"How do you want to be remembered?" Sean Astin asks.
That's a big theme in the new baseball movie, The Final Season, which he produced and stars in. In the tiny town of Norway, Iowa, the boys find their piece of immortality by winning state baseball titles, after putting in long practices after long days on the farm, just to be remembered.
It's a theme in Astin's life, too. The 36-year-old former child actor, the son of Patty Duke and adoptive son of John "Gomez Addams" Astin, the once-and-future Rudy and Sam Gamgee of the Lord of the Rings movies, has a reputation. He may be the nicest guy in Hollywood.
That helped Astin get The Final Season, about Norway High School's last team, turned into a movie, says Art D'Alessandro, the Maitland screenwriter who wrote the story and co-wrote the script for the movie. Sure, Astin championed the project, D'Alessandro says. No leading man would do less. But it was more than that.
One big investor was an Iowa family that remembered Sean coming to visit their daughter's school, years before when Rudy came out, and "he was so kind to all the students," D'Alessandro says. That Good Guy Sean image stuck with them and helped open pocketbooks.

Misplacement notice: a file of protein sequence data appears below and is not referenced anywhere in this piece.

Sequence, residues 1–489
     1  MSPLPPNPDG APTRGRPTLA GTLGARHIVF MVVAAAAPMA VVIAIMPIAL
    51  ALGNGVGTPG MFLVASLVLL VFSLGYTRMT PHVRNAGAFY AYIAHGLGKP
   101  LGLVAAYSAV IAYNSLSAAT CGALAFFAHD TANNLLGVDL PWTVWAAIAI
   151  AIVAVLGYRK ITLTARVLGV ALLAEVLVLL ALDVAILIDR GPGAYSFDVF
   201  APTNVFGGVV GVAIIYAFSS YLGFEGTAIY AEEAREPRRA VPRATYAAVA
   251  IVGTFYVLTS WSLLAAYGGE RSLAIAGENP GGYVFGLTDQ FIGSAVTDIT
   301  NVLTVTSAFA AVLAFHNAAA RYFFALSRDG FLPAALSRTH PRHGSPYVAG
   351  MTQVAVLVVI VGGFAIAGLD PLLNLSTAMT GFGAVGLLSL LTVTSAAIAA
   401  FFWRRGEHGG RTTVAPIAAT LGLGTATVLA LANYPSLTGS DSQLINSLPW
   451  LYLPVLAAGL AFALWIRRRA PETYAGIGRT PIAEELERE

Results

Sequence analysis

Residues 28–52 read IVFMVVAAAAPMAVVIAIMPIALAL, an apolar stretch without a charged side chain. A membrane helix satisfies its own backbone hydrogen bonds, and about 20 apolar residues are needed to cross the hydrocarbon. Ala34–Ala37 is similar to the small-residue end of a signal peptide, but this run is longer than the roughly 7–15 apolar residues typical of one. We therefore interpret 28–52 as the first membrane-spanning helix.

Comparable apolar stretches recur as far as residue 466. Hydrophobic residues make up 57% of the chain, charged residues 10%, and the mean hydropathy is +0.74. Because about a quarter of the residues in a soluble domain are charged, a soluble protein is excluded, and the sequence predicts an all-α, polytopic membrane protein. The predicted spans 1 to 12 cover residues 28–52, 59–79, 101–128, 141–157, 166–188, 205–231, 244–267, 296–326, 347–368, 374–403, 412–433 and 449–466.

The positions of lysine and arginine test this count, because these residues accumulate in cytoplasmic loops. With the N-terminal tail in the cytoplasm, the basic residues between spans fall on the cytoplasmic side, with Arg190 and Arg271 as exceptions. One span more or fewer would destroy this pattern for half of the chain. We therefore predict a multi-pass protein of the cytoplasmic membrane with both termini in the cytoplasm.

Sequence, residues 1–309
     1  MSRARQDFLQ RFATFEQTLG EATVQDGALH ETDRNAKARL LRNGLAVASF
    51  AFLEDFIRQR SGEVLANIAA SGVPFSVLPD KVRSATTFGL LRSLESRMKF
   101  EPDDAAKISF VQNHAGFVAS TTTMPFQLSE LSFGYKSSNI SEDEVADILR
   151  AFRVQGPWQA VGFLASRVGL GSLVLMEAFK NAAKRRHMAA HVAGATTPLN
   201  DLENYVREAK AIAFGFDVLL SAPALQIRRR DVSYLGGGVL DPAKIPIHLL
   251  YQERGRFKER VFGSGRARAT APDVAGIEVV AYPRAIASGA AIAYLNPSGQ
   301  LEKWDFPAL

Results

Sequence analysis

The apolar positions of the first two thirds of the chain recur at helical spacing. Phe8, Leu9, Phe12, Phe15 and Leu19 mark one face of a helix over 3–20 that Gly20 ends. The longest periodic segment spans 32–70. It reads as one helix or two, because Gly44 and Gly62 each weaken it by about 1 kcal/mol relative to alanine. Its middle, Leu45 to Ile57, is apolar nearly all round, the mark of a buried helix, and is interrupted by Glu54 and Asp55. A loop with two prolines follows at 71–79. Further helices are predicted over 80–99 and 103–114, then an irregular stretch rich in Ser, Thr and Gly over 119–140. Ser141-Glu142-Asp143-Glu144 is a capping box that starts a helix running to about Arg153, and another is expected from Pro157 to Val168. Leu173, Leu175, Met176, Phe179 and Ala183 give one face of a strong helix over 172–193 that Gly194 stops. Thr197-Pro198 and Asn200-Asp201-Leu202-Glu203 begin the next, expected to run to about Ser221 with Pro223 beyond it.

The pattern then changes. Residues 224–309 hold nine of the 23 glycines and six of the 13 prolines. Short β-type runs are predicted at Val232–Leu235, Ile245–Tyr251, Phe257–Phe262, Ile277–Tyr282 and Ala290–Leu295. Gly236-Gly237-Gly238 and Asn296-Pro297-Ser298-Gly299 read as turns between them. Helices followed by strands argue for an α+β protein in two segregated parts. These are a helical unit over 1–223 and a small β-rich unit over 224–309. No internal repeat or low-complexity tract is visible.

Astin plays the under-qualified coach, Kent Stock, who took on the task of guiding the legendary Norway High Tigers for just that one year. He's an actor, which might explain why he can play a hobbit when he never had furry feet. But often Astin looks for that genuine connection to a role. Here, it begins with the fact that he played organized baseball for 13 years.
"And I married a girl from a tiny little farming community in Indiana -- Rolling Prairie," Astin says. "It's not a stretch at all to play this guy."
Astin is too diplomatic to come down on one side or the other in the "growing up rural vs. growing up in the sophisticated city" debate. But he appreciates the small-town values the film puts across, "the way life is a different pace, people speak more slowly and take stock in what they're saying. When you live in a place that spread out, I think you're actually closer to your neighbors. You need each other more.
"And in the school, on the baseball diamond, letting somebody down is that much more personal. Which is why it doesn't happen that often. Not in Norway, anyway."
D'Alessandro says Astin's "everyman quality" makes him the very embodiment of the guy he was playing. The actor who doesn't like to let people down was "perfect" for the coach who didn't want to let the school down.
"But you know," Astin says, laughing, "when you make a movie in rural Iowa, and people are always calling you a nice guy, everybody there is a nice guy. So some of my nice guy reputation kind of felt covered in Hollywood scuzz. Hope I didn't seem too obnoxious."